Simon Cowell is not leaving American Idol.
I'm sorry I'm so late to the AI craze, but I did catch Cowell giving interviews last week to the effect that he "didn't know what he'd be doing" about a third season of this freeze dried, shrink wrapped phenomenon.
Let me tell you right now, lest anyone worry: Simon will be back. How do I know this? He's a part owner of the show!
Just three weeks ago a little-seen press release was issued by the very tony, white-shoe Boston law firm of Hale and Dorr. To whit: they advised Bertelsmann Music Group UK on its "acquisition of Simon Cowell's 50 percent stake in Ronagold Limited, their joint venture record company." Ronagold had been set up in 2000 so Cowell and BMG could put out records by their original UK Pop Idol stars Will Young and Gareth Gates.
Cowell, thanks to the firm, also set up a new company through BMG called SimCow, for new music, TV and film ventures. Of course, Cowell is still partnered in Simon Fuller's firm, 19 Entertainment and 19 Management, which controls all things American Idol. And I mean, all things.
All this stuff about people winning million-dollar recording contracts, competing for record contracts, etc? It's utter nonsense. All the contestants on American Idol are contracted to BMG Music Worldwide and 19 Entertainment when they sign on to the show. BMG has the right to exercise that option whenever they want.
Indeed, American Idol contestants sign an agreement with 19 Entertainment at the outset that limits them from taking outside offers. To date, Cowell has Kelly Clarkson, Justin Guarini, Tamyra Gray, Ruben Studdard, Clay Aiken, and even bounced participant Frenchie Davis all signed up for management and recording deals.
Simon himself conceded as much in one interview earlier this year. "I own the recording rights -- the winners and other contestants sign with my label," he told the Copley News Service back in February.
It was only last January when I reported in this space that Cowell was dining with BMG's Clive Davis and songwriter Diane Warren at Spago in Beverly Hills to discuss songs for American Idol season one singer Tamyra Gray's album. Warren has a song on Clarkson's album and will more than likely be included on the others'.
Cowell has been a longtime executive at BMG in England, in charge of finding teen pop stuff and merchandising it. He is personally responsible for an artificially mandated teen group and TV show called S Club 7. (The S stands for Simon.) His partner outside of BMG, Simon Fuller, signs the American Idol stars to management contracts at the same time that Cowell is signing them to his own boutique label at BMG in the United Kingdom or, now, to BMG's American labels RCA and J in the United States.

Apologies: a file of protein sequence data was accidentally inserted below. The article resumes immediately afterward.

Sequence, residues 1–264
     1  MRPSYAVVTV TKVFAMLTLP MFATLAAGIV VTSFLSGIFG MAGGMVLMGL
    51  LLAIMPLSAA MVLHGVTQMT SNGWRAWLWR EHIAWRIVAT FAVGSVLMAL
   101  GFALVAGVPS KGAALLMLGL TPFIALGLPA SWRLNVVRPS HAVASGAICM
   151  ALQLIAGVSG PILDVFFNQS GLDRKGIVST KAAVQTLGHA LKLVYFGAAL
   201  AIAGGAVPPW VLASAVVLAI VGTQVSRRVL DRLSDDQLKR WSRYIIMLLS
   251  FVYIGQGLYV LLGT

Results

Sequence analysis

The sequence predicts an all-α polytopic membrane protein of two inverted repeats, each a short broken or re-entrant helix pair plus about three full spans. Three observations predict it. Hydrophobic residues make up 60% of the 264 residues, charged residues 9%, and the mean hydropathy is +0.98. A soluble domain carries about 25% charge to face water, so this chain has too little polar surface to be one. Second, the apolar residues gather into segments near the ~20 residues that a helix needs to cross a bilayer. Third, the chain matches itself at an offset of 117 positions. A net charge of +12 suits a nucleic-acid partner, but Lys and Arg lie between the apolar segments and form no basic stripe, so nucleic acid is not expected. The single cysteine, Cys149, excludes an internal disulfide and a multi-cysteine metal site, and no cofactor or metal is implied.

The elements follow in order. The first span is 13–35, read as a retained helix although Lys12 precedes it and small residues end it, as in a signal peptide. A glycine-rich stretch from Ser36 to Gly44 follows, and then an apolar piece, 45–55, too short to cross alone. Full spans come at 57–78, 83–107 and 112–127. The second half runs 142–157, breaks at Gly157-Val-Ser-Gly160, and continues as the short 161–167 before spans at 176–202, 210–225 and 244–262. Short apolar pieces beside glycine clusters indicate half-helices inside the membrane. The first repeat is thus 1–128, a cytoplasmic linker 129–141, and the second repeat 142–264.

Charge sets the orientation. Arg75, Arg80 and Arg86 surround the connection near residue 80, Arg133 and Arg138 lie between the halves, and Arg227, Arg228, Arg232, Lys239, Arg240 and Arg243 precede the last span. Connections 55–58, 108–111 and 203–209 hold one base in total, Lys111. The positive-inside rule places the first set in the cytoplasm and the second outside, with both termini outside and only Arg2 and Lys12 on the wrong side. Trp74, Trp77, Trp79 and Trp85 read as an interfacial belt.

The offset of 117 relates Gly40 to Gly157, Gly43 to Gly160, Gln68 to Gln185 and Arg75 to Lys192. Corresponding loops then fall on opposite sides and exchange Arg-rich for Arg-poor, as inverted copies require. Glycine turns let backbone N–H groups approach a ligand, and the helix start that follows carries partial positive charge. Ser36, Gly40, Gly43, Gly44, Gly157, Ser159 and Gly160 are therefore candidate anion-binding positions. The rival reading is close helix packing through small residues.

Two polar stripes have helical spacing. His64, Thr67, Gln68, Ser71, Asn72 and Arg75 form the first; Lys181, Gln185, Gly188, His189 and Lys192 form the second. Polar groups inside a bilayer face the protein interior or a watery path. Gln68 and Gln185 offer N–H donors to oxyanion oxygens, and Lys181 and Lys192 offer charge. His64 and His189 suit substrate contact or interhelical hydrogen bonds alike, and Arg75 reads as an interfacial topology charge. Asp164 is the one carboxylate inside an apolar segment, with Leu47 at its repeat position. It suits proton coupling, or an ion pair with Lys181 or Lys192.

Cowell and Fuller produce the American Idol TV show, manage the singers they like from the crop that makes it to the winner's circle, and sign them to label deals at Cowell's company. It's unlikely with all that convergence that Cowell would miss being on the air during a season of AI.
Cowell and Fuller, meantime, make sure that the songs recorded by their American Idol stars are foolproof fluff.
Take the writers of Kelly's album tracks. They are all from the factory school of junk pop -- sort of the Hallmark card version of songwriting: Diane Warren, Desmond Child, etc. The idea is to be bland, bland, bland. Since there is no jingle writing anymore for commercials, this is what's replaced it.
The authors of two Kelly songs, Evan Rogers and Carl Sturken, according to one database, have authored an astounding 388 titles. Only three of those, however, are partially known as hits -- two for Donny Osmond and one for 'N Sync. Not exactly cutting edge, but that's not what's needed for the likes of the American Idol singers.
They need wholesome hits that can win them teen fans and the approval of parents who control their disposable income. Think The Archies ("Sugar Sugar"), The Partridge Family. Debbie Gibson. Tiffany.
Guarini, on the other hand, will lean more toward cover versions of old hits on his album. One of them will be the Righteous Brothers' "Unchained Melody," written by Hy Zaret and Alex North in 1955. (And not by Guarini, as some fan Web sites claim.) In England, Cowell and Fuller had a hit on that song with their British Pop Idol star Gareth Gates.
Justin Guarini's mom, Cathy, a former TV news anchor, told me yesterday: "Justin just got home on Friday night. And on Saturday morning Federal Express delivered his album. It's got a little of everything on it, even some Latin type songs."
As for the movie, From Justin to Kelly, which 20th Century Fox will release three days after Justin's album hits stores: "It's a summer movie for the kids, that's all it is. It's a lot of fun."
The movie is executive produced by Simon Fuller and written (such as it is) by his brother, Kim Fuller. Kim, who also wrote the script for the Spice Girls' movie Spice World, is listed as the co-author of the movie's title track, a song called "From Me to You," which has no relation whatsoever to the famous Beatles song.
From the "really weird" category: the story of Michael Jackson being in financial peril re-surfaced over the weekend as a whole new story! In fact, it was the exact same story that this column reported last July 26! What happened? Evidently, attorney Pierce O'Donnell, who represents Jackson's former business manager, decided to issue a press release announcing Jackson's near bankruptcy. The reason is that the long-aborning court case between O'Donnell's client, Myung Ho Lee, and Jackson, is finally coming to trial next month. But there was nothing new in O'Donnell's pronouncement. It's the same material from a year ago, which was widely transmitted at the time. Lucky for O'Donnell, the press has a short memory.
You can read all the original Jacko stories regarding his financial situation in the Fox411 Archives. Just pull down July 2002 and select from several offerings.